Nor does it appear that transfer to the appropriate federal court of appeals, in this case, the United States Court of Appeals for the Fifth Circuit, would be in the interest of justice. It appears that Mr. Nixon’s request for permission to appeal was initially filed at that court, which issued an order on November 4, 2020 denying his request because “[t]he district court’s order denying the motion for default judgment is not a final order . . . [and] the order has not been certified for immediate appeal under 28 U.S.C. § 1292(b) by the district court.” Nixon v. Gen. Motors Corp., No. 20-90032 (5th Cir. Nov. 4, 2020).

NixonGMOrder.

In the end, Nixon may be left with properly serving GM to get his case moving forward.

21 thoughts on “Service of Process and Theft of Ideas

  1. 9

    OT but relevant since such a large percentage of new patent suits are now on a single new judge’s docket in Waco TX (W.D. TX). Here are a few personal observations of a November 18 one hour video Q&A by a Baker Botts Firm attorney with this Judge – Alan Albright. The Q&A focused on Judge Albright’s busy patent litigation docket and his practice on the bench. Topics partially covered were: Claim construction, Section 101 motions, IPRs, Jury Trials and Verdict Forms. [Any misunderstandings here are mine.]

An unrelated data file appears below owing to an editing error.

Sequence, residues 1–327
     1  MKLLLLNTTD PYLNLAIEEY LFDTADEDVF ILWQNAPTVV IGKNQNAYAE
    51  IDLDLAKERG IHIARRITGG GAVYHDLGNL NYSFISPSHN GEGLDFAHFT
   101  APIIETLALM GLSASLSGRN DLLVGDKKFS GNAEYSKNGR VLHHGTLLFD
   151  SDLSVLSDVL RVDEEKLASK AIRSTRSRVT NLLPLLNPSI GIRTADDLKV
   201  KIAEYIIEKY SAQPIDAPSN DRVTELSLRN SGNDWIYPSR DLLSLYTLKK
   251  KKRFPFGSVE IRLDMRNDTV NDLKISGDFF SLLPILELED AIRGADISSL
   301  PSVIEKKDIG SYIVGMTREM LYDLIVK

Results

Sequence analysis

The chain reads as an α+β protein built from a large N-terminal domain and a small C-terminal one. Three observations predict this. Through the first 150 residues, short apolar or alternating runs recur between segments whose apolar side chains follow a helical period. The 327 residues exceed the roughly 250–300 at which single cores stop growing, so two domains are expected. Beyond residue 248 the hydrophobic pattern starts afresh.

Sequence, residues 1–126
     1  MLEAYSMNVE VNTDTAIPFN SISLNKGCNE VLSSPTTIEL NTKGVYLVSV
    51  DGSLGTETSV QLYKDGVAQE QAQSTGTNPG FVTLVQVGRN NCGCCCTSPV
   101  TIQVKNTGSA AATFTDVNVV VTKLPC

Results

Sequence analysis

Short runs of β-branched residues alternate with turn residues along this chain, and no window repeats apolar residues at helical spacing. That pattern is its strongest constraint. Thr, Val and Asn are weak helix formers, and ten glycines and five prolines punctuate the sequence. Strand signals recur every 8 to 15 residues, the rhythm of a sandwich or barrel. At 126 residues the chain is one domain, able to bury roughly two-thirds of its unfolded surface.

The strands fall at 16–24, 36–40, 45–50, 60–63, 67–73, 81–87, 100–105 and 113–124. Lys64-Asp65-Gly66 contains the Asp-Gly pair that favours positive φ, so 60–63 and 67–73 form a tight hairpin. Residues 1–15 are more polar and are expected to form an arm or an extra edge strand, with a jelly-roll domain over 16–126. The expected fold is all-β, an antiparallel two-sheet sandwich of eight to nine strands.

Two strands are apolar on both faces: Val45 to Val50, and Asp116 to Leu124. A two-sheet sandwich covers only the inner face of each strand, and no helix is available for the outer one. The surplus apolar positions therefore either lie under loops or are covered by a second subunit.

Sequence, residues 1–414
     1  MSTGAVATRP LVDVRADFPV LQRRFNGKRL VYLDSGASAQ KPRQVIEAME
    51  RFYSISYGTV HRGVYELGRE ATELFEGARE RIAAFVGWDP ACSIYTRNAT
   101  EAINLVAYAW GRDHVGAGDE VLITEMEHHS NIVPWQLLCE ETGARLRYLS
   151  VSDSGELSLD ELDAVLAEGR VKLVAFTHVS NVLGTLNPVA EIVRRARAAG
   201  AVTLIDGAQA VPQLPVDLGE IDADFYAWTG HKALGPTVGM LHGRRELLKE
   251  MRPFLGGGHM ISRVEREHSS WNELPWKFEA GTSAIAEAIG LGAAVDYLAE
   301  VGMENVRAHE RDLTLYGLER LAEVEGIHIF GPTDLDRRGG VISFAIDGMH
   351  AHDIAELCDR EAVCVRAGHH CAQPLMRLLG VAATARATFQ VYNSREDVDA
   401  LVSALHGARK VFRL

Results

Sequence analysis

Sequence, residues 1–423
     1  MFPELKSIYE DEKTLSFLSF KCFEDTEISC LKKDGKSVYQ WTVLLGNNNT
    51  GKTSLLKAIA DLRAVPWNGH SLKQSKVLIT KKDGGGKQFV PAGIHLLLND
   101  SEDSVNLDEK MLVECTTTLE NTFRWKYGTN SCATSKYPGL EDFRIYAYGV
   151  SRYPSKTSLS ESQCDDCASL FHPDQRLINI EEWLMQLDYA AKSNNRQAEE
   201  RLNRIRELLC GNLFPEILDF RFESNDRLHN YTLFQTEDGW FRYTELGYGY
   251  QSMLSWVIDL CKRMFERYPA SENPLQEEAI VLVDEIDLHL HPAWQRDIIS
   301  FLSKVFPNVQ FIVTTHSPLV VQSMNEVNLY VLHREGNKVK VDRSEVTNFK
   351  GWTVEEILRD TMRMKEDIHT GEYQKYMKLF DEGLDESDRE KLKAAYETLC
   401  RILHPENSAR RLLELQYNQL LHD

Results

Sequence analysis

Although he has only conducted one trial so far, he has completed 30 Markman hearings* [only one of which he found that significant] and numerous discovery dispute resolutions which he has very promptly decided by phone. [Both with the help of 4 clerks and a magistrate with 2 clerks, with plans for another magistrate.] Any 101 motions should normally be filed early, and he does not favor them. He does not like IPRs [and sets very early trial dates and denies stays, as we know]** unless one was on before he gets another suit on that same patent, But he might take IPR deadline dates in consideration in some cases.
    General attorney tips: don’t be casual or chatty on the phone, act like you are in court. Don’t discuss the whole case and get to the point – your specific request – in less than 4-5 minutes. Conduct a timed practice run first. If the problem can be resolved by a deadline extension don’t be afraid to ask for it.